They’ve started to infiltrate workplaces across the globe in the form of interns and work experience candidates and it won’t be long before offices everywhere are invaded. Yes, the MySpace generation is preparing itself to enter the world of work.

It’s inevitable. It has been on the horizon for years and it shouldn’t come as a surprise, but are organizations ready for a new way of working? The students sitting in today’s lecture theatres are accustomed to being connected anywhere, at anytime. Life without a cell phone is inconceivable, not having access to the Internet is unbearable and the thought of buying a photo album may have never crossed their minds. After all, what’s the point if you use Flickr or have a Facebook profile?

Blogs, Twitter and other social networking tools have enabled the MySpace generation to forge identities online and participate in a constant stream of communication. These tools have also changed the way in which they consume information. Today’s graduates are used to flexibility, openness and collaboration and, when they walk through the doors of their new office, they may be in for a shock.

According to global research by Cisco, more than half of IT decision makers ban the use of social media applications in their organizations. So, any graduate dreams of using these tools during work hours to help with research and projects will be promptly crushed.  Working openly with teams across your business, and indeed any partners outside of your office walls, may also be the stuff of fairytales. Traditional software often reflects the traditional organization – you have department, department, department and there’s little communication beyond these silos.

In a nutshell, the MySpace generation isn’t used to constraints. Being restricted by an IT department, having to work at the same desk from 9am to 5pm, and not being able to use the tools they consider the best and most effective for the job will be an alien experience for them. As changing an organization’s policies and approach to working will not take place overnight, what can be done to pave the way for this new generation of worker?  Here are a few points to consider:

  • Get ready to be more flexible:  While cloud computing challenges the traditional boundaries of an IT department, it has numerous advantages.  To access the majority of cloud computing services, you simply need a web browser.  Communication tools such as Skype and Windows Messenger and cloud-based email and word processors enable staff to access information and work from anywhere.  It is this flexibility that the new generation of worker will be familiar with, so it may be time to start considering alternatives to traditional software.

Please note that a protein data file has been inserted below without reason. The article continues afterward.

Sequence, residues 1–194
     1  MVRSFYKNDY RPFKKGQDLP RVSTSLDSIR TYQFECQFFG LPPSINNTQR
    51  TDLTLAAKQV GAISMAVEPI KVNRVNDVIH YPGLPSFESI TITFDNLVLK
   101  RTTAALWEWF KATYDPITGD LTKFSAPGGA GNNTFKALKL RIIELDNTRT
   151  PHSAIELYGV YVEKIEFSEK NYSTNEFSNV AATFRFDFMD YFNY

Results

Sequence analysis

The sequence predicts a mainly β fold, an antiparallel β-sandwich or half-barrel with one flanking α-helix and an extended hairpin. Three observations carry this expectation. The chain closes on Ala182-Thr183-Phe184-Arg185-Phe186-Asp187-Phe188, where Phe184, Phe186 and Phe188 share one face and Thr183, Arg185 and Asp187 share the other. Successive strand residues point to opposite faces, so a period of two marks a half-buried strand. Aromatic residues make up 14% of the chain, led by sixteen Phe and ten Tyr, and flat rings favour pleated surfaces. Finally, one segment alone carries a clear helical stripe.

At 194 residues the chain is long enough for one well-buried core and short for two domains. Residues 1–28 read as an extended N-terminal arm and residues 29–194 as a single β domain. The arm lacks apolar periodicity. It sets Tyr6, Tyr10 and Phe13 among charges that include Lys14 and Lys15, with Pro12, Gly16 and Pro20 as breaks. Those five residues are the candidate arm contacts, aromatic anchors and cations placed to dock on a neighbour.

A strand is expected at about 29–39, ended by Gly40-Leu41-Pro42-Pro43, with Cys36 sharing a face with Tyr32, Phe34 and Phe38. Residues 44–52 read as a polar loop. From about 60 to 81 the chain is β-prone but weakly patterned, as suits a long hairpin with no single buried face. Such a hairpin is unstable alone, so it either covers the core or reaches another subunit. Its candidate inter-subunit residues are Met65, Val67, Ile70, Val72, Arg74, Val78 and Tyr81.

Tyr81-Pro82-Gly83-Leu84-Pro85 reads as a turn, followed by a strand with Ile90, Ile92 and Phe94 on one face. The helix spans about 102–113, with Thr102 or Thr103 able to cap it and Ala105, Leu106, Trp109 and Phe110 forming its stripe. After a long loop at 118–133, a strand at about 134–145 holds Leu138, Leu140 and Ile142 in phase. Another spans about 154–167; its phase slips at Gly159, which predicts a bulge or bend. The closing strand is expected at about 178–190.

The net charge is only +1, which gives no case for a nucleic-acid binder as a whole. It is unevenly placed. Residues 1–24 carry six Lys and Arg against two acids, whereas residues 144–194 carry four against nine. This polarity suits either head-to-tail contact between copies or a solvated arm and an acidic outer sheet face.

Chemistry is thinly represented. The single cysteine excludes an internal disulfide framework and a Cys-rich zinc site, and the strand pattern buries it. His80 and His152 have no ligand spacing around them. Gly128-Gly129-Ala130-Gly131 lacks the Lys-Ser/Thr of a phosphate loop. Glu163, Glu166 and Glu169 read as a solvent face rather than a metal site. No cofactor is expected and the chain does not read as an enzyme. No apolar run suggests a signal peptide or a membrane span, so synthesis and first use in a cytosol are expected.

• You might be missing out: Is your organization really using the best tools for the job or have you become so entrenched in traditional software you can’t see beyond it? You may be missing out on a chance to find the best tools for the job and stay ahead of the game. Why not research SaaS pricing models and lightweight apps with agile development programmes?
  • Have confidence in your staff, policies and security:  Barring social media tools in the office sends out the signal that you don’t trust your staff. You could also be missing out on a wealth of benefits.  With the right policies and security measures in place, staff can access real-time information, engage with customers and communicate more effectively with business partners.
  • Be prepared to learn:  The MySpace generation live and breathe technology.  If a new worker suggests new tools that could be used to make the working environment more efficient, productive and effective, why not take note and consider whether deployment is viable?

Our panel discussion at Internet World, London, was on the topic of what happens when the MySpace generation goes to work and whether organizations were ready for a new way of working. Watch this space for video footage!

Lucy Wimmer

Director of Global Corporate Communications


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